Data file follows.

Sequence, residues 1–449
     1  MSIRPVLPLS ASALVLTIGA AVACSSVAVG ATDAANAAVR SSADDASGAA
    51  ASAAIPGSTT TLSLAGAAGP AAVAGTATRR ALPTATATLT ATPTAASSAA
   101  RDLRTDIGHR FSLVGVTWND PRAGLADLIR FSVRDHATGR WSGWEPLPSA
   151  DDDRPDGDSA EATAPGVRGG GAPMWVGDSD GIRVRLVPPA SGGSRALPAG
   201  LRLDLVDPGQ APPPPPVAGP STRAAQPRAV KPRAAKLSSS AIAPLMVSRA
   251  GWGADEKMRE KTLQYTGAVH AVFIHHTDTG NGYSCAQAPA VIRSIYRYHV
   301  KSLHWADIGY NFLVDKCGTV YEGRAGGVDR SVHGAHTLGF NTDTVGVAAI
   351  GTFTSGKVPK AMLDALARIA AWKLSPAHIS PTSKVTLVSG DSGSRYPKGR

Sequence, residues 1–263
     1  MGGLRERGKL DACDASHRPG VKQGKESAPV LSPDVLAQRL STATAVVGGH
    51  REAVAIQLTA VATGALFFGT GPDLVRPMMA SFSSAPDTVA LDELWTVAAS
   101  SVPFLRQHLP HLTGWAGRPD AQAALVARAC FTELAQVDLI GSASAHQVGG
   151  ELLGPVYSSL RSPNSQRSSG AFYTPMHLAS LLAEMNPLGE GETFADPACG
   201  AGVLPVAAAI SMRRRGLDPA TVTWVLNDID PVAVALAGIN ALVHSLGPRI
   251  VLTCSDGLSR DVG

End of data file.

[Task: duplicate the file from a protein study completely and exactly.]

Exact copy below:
Sequence, residues 1–449
     1  MSIRPVLPLS ASALVLTIGA AVACSSVAVG ATDAANAAVR SSADDASGAA
    51  ASAAIPGSTT TLSLAGAAGP AAVAGTATRR ALPTATATLT ATPTAASSAA
   101  RDLRTDIGHR FSLVGVTWND PRAGLADLIR FSVRDHATGR WSGWEPLPSA
   151  DDDRPDGDSA EATAPGVRGG GAPMWVGDSD GIRVRLVPPA SGGSRALPAG
   201  LRLDLVDPGQ APPPPPVAGP STRAAQPRAV KPRAAKLSSS AIAPLMVSRA
   251  GWGADEKMRE KTLQYTGAVH AVFIHHTDTG NGYSCAQAPA VIRSIYRYHV
   301  KSLHWADIGY NFLVDKCGTV YEGRAGGVDR SVHGAHTLGF NTDTVGVAAI
   351  GTFTSGKVPK AMLDALARIA AWKLSPAHIS PTSKVTLVSG DSGSRYPKGR

Sequence, residues 1–263
     1  MGGLRERGKL DACDASHRPG VKQGKESAPV LSPDVLAQRL STATAVVGGH
    51  REAVAIQLTA VATGALFFGT GPDLVRPMMA SFSSAPDTVA LDELWTVAAS
   101  SVPFLRQHLP HLTGWAGRPD AQAALVARAC FTELAQVDLI GSASAHQVGG
   151  ELLGPVYSSL RSPNSQRSSG AFYTPMHLAS LLAEMNPLGE GETFADPACG
   201  AGVLPVAAAI SMRRRGLDPA TVTWVLNDID PVAVALAGIN ALVHSLGPRI
   251  VLTCSDGLSR DVG